Phillip II of Spain brought the Royal Court to Madrid in 1561 and started to develop the east side of the Castilian Fortress where today stands the magnificent Royal Palace. It used to be called Plaza del Arrabal because it was outside of the city walls and used to have a little lake in the middle. They say the kings enjoyed hunting ducks there. Once the lake dried out a new Plaza had to be built to celebrate Royal and popular events.
The original buildings that remain from the 16th Century are the Royal Bakery and the meat market. One of in front of the other with their characteristic towers and round arches. Between these two buildings, Phillip III was proclaimed the King of Spain. it is a few years later back in 1617 when he decides to build a uniform Plaza for many different uses.
This square suffered two fires in the seventeenth century and the last one in 1790. Villanueva, Carlos the Third favorite architect rebuilt it with all the arches you see today and the entrances. The most famous one is “Arco de Cuhilleros” in the South West part of the square.
If you take a close look at the base four big street lights there are some representations in bronze of that fire, Spanish Inquisition trials and executions, bull fights, carnival parades, etc.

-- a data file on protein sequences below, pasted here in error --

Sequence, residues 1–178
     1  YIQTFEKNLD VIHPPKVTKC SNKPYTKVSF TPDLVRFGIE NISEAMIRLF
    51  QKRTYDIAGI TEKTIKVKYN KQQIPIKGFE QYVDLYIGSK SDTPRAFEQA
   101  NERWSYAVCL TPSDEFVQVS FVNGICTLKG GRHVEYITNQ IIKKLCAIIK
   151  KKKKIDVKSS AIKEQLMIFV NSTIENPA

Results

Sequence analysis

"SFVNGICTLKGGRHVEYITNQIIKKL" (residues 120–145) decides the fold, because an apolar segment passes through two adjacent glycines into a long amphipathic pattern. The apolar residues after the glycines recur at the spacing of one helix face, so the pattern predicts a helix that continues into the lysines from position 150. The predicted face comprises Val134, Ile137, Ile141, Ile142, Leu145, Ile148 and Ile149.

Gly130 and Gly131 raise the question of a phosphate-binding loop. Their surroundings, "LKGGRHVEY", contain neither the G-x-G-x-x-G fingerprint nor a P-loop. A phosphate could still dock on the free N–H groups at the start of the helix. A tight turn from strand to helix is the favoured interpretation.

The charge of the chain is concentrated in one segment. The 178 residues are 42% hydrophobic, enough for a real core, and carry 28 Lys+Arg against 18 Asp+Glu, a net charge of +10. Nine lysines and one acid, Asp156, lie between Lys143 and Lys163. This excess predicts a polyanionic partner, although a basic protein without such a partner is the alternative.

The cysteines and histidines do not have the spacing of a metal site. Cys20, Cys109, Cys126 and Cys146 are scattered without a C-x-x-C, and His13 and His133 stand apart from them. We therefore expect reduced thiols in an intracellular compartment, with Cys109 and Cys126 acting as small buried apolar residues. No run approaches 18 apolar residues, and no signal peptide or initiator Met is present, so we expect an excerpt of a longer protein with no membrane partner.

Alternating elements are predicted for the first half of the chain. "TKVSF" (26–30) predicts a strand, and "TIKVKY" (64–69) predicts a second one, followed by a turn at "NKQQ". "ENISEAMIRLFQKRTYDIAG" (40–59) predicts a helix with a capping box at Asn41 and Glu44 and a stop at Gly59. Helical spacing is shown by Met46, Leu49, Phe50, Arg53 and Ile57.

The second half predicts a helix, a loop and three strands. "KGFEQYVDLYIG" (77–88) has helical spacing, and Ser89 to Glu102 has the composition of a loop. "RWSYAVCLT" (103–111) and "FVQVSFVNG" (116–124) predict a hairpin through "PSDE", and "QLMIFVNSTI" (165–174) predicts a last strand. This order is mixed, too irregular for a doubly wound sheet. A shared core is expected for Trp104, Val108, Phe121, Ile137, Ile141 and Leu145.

After many modifications,it was in 1970 when the city hall decided to build an underground parking so all the vegetation you can see in the photograph taken in 1910 was removed.
These last few years the Plaza has been restored to be prepared for this big event.
The 17th, 18th and 19th of February there will be an amazing spectacle to celebrate this important onomastic.
See below how beautiful it looked last night. Everything is ready for Plaza Mayor.
If you are in Madrid, do not miss this free event!!
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